They're both open-source and some highly popular options for cross-platform app development. They're both backed by huge tech communities... so your struggle is real: "React Native vs Flutter: which one should I go with?" On one hand, you have Flutter, which has gained momentum incredibly fast this year, putting the same question on most developers' lips: Will Flutter replace React Native? On the other hand, you have React Native, which has been around for +4 years now and uses "good old" JavaScript. Should you place your bid on "familiarity" and reliability or should you take the leap and go with a newer, but so promising platform instead? Speaking of which: What are Flutter's selling points more precisely? Those that have instantly propelled it in developers' radar so quickly? Why would you choose Flutter over React Native? And when is the latter the best option?   1. Why Choose Cross-Platform App Development in the First Place? Why would you go with this approach to mobile app development instead of taking the "native" path? Here are the most powerful reasons:   you get to write (most of) your code once and use it on multiple platforms you get to tap into the features of your cross-platform framework of choice to develop various types of mobile apps: social apps, eCommerce apps, interactive apps you get to build a native-like app without getting tangled up in Android, iOS or Java development   Notes:    optimizing your cross-platform app might get discouraging if you're not prepared for it expect it to be less performant than its native counterpart your platform of choice might not ship with all the functionalities that you need (Bluetooth, GPS...), so consider creating new plugins or opting for 3rd party ones to compensate for the lack of certain native features   2. React Native Is an... ... open-source JavaScript framework — or a new version of React, if you wish — launched by Facebook, used for building Android and iOS mobile apps. Source: Facebook.Github.io How does it work? What kind of "witchcraft" does happen under its hood that enables you to build a hybrid app? One that works both on iOS and Android? React Native uses a JavaScript bridge which... bridges your UI code to native components.   3. Reasons Why You Would Choose React Native over Flutter: Top 3   Source: Google Trends So, going back to our "React Native vs Flutter" dilemma: why would you go with Facebook's "prodigy"?   because it's written in JavaScript (entirely) and so it's much easier to find experienced JS developers for your app project because it's more... mature: it's been around for +4 years, which translates into reliability and a high level of popularity among developers because it streamlines the app's development cycle: it's faster (just think "ready-to-use components") to build app-like experiences with React Native than with Flutter   4. Flutter Is... ... Google's open-source SDK, written in Dart, used for building cross-platform apps. How does it work? It leverages the skia rendering engine to render Dart-based UI in both Android and iOS. Source: Flutter.dev 4 Key Features of Flutter:   design-specific features entirely customized environment platform-specific SDKs native-like performance   5. Flutter: Biggest Selling Points and Main Weaknesses What makes this "new kid on the block" so tempting among developers? Source: Stack Overflow What does it bring to the table that React Native can't provide?   it's easier to install it: when using React Native, many developers choose to use Expo precisely for this purpose; there's no way of automating the whole process and you bump into errors pretty often   it's easier to test it compared to the complicated setup that you need to do for testing a React Native app   it uses proprietary UI widget sets (by comparison, React Native uses native components), which give you more freedom to customize your UI block components   it benefits from first-party support for its iOS-style and material design widgets   it uses object-oriented design (due to Dart)   it performs better: Flutter's slightly faster since it depends on a JavaScript bridge, like React Native, for interacting with native components   it speeds up the UI designing process (React Native uses native components, while Flutter uses owner widgets)   And this last one is Flutter's most "seductive" feature:  It allows you to create a new custom layout in no time. "And why would I be hesitant to choose Flutter over React Native?" you might also ask yourself. Here are some of the aspects that might discourage you from using Flutter for building your cross-platform app:   there aren't so many developers working in Dart, the language used for writing Flutter, compared to the deep pool of JS professionals  the development process is a bit lengthier it's still relatively a young platform: you might not have a library for every functionality that you want to implement; not just yet...   6. React Native vs Flutter: You'd Be Better Off With... ... Flutter if:   you need to have your app running on both Android and iOS you're already an experienced C++/Java developer (or developers in your team are), since it'll then be easier for you to learn Dart  high performance is on top of your priority list you want a visually-appealing UI for your cross-platform app   And opt for React Native if:   you're already an experienced JavaScript developer  you put a high value on the support of a giant, mature tech community   The END! How do the scores look like on your evaluation list? Which of the 2 cross-platform solutions would you go with and why? Let us know in the comments below: Photo by Coffee Geek on Unsplash    ... Read more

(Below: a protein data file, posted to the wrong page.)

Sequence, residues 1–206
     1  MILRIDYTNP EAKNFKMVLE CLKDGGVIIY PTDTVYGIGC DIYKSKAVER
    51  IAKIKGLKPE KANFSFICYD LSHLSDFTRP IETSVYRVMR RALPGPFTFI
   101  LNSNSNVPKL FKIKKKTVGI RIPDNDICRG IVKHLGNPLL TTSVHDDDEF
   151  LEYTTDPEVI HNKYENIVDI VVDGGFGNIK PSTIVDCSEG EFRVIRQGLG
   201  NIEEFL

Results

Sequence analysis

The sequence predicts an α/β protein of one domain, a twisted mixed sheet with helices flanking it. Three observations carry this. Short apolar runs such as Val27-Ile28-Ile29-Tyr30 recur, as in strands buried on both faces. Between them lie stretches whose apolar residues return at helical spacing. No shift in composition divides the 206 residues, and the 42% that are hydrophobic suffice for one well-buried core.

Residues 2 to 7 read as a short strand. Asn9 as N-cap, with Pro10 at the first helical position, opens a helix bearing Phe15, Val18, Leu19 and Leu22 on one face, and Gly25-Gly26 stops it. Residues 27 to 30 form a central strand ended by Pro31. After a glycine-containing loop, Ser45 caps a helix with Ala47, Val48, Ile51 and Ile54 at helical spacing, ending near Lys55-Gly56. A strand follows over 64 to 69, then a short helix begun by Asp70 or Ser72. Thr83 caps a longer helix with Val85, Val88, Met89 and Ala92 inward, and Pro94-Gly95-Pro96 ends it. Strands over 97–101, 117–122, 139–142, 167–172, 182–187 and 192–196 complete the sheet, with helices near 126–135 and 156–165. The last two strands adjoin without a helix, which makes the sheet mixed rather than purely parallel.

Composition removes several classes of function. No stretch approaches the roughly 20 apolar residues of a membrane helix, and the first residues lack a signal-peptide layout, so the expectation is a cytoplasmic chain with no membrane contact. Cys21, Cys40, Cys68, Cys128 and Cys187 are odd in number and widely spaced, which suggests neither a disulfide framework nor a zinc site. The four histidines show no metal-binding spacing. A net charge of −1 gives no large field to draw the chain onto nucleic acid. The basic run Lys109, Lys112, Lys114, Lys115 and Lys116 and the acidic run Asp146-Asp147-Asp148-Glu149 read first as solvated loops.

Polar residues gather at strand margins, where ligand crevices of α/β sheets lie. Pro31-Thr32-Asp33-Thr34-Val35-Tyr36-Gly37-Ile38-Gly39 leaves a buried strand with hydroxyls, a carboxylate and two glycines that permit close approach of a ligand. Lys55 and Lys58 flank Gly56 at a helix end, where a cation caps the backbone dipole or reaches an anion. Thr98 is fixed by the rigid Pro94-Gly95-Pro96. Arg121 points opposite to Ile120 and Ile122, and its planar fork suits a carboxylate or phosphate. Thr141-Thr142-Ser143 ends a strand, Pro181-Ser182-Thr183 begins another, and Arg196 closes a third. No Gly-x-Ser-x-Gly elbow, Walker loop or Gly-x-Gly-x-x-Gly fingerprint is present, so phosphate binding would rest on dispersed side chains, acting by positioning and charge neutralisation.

Silviu Serdaru / Nov 06'2019